posted by Homeboy Trouble at 4:40 PM on August 11, 2015 [1 favorite]

Montreal: I'd expect to spend can$45-50 for dinner for two in a mid-level place in Chinatown or similar. I'm not quite sure what you mean by entrees, but that would be soup, steamed rice, possibly a starter, and two main dishes, something involving animal protein and veg, and something involving mixed veg and/or tofu.

If you add something special like a whole fish or lobster expect it to be at least $20-25 more.

I'm assuming the 15% tax is in, but the tip is on top. This is ordering off the à la carte menu, also. I imagine you could get something cheaper by ordering a set meal for two.
posted by zadcat at 5:40 PM on August 11, 2015

I would have said much higher than jrobins answer for Sydney. Unless the two people are sharing a single main, which is what we would normally do. I think the soups you mention would be about $5, spring rolls another 5, the main courses about 12-15 each, and a side salad maybe 8? So that's $30 just for one person, and you specified two.

In reality, though, I don't know anyone who eats Chinese like that. You'd go in a group and get a serve or two of appetisers for the table, and maybe three mains for every five people. So usually an evening at a Chinese restaurant comes in for me at less than $20.
posted by lollusc at 5:50 PM on August 11, 2015

Ok,I just checked a couple of random menus online for Chinese places in the inner west, and they are slightly more expensive than my estimates (soup about $7, spring rolls $12, mains $18, fried rice 12). I still reckon everything except the soup would be enough food for two people to share, but then that's still over $50.
posted by lollusc at 5:57 PM on August 11, 2015

Your basic menu fits what we consider a combo dinner so I figure a combo dinner for 2 would be about $35 before tip.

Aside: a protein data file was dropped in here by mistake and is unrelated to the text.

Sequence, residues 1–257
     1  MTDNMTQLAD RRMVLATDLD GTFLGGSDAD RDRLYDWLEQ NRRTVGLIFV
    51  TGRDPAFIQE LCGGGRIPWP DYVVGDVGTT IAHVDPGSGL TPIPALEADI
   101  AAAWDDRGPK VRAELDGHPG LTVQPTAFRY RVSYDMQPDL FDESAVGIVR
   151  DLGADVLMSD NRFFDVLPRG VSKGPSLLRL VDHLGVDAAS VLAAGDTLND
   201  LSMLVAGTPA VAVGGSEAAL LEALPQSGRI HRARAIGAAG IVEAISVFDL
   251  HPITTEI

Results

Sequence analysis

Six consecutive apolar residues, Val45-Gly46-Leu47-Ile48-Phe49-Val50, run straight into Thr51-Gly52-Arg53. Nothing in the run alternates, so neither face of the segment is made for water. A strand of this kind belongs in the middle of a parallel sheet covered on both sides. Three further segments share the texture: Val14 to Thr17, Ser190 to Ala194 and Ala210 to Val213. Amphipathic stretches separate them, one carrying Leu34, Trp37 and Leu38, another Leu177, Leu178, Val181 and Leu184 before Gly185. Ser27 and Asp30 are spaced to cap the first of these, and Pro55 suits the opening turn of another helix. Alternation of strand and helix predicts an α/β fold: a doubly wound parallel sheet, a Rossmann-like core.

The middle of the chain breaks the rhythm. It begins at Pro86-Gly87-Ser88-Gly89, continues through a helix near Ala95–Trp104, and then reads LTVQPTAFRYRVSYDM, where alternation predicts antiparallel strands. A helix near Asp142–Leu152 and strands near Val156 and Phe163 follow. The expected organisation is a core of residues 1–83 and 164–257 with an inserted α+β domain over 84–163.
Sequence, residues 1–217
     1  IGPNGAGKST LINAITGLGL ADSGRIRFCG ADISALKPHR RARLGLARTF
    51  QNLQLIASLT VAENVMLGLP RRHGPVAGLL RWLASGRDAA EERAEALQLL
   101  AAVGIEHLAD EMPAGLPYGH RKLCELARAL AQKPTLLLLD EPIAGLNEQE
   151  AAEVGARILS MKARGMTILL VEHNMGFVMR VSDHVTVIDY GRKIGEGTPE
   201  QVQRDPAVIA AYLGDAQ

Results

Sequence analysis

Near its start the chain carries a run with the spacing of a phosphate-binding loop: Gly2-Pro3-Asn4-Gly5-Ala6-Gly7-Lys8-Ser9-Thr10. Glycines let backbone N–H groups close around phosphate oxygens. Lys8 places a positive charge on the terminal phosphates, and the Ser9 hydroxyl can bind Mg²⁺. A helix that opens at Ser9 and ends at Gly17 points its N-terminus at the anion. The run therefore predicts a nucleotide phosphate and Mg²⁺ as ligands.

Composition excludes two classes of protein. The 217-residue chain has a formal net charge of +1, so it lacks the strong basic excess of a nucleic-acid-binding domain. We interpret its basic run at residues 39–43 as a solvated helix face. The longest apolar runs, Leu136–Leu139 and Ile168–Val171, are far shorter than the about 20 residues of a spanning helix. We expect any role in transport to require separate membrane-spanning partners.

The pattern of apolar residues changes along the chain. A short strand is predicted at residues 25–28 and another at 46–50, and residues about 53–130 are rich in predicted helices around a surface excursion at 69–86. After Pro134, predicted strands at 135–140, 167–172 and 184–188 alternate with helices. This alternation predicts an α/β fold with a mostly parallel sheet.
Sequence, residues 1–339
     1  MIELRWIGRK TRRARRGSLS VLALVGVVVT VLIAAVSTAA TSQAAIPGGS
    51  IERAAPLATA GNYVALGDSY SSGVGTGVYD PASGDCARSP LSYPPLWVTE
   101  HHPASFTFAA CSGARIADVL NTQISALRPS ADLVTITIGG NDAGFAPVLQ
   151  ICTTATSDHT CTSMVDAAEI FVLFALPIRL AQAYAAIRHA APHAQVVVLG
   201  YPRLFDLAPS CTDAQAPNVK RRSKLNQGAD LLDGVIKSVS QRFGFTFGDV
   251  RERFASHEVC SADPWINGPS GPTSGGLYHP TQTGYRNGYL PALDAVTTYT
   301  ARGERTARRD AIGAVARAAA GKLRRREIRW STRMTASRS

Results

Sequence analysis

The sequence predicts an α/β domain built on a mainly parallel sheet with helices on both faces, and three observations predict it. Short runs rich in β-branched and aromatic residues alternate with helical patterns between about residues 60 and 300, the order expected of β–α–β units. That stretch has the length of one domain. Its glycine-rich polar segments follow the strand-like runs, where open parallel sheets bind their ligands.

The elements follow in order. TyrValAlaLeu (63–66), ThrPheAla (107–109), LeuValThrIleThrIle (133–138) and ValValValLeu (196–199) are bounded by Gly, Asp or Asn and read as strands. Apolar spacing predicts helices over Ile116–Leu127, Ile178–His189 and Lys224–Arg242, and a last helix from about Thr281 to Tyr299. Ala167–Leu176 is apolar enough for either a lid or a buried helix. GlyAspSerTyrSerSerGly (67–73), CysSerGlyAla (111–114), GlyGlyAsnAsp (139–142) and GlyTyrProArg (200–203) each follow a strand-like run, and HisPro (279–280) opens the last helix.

If you don't know what a combo dinner is, you are missing one of glories of American overindulgence.
Location: Oregon
posted by fiercekitten at 7:28 PM on August 11, 2015

Combo sets here in the Spanish provinces start at 7-8€ for three course meals, wok / teppanyaki -type buffets go around 10-15€ with weekends more expensive. This example restaurant from Barcelona's centre has midday set meals for 11€ which seems a good price for a halfway good restaurant. Neighborhood restaurants are cheaper.

Of course, most restaurants offer Westernized food and it's somewhat hard to find dishes more challenging than fried rice ("arroz tres delicias") and beef with oyster sauce. Regional cuisines are very difficult to find since most Chinese immigration to Spain comes from a single county in Zhejiang.
posted by sukeban at 2:27 AM on August 12, 2015

I'm in Taipei, we just fed a house of 8 ppl for $25 USD, 7 stir-fry dishes (pork, chicken, fish, tofue, veggies) plus rice.
posted by askmehow at 5:54 AM on August 12, 2015

In Copenhagen, I checked the menu of a good and popular (but not very fancy) place in the city center - menus like the one you describe would be 30-35 USD pr. person, excluding drinks but including tips. Go to a more folksy neighborhood, and you pay half that price. Both places are always full, and always have lots of Chinese guests.
posted by mumimor at 9:26 AM on August 12, 2015

In London £20 will feed myself and my husband with mains and prawn crackers from our favourite local take away. We don't usually get any starters or sides because we order something called the Extra Value box which combines a meat dish with rice or noodles and that fills us up enough to sit on the couch feeling like we'll never be hungry again (although inevitably we pick at the prawn crackers an hour later).

Take away Chinese places seem much more popular here than in the U.S. Or at least compared to California where I grew up.
posted by like_neon at 4:51 AM on August 13, 2015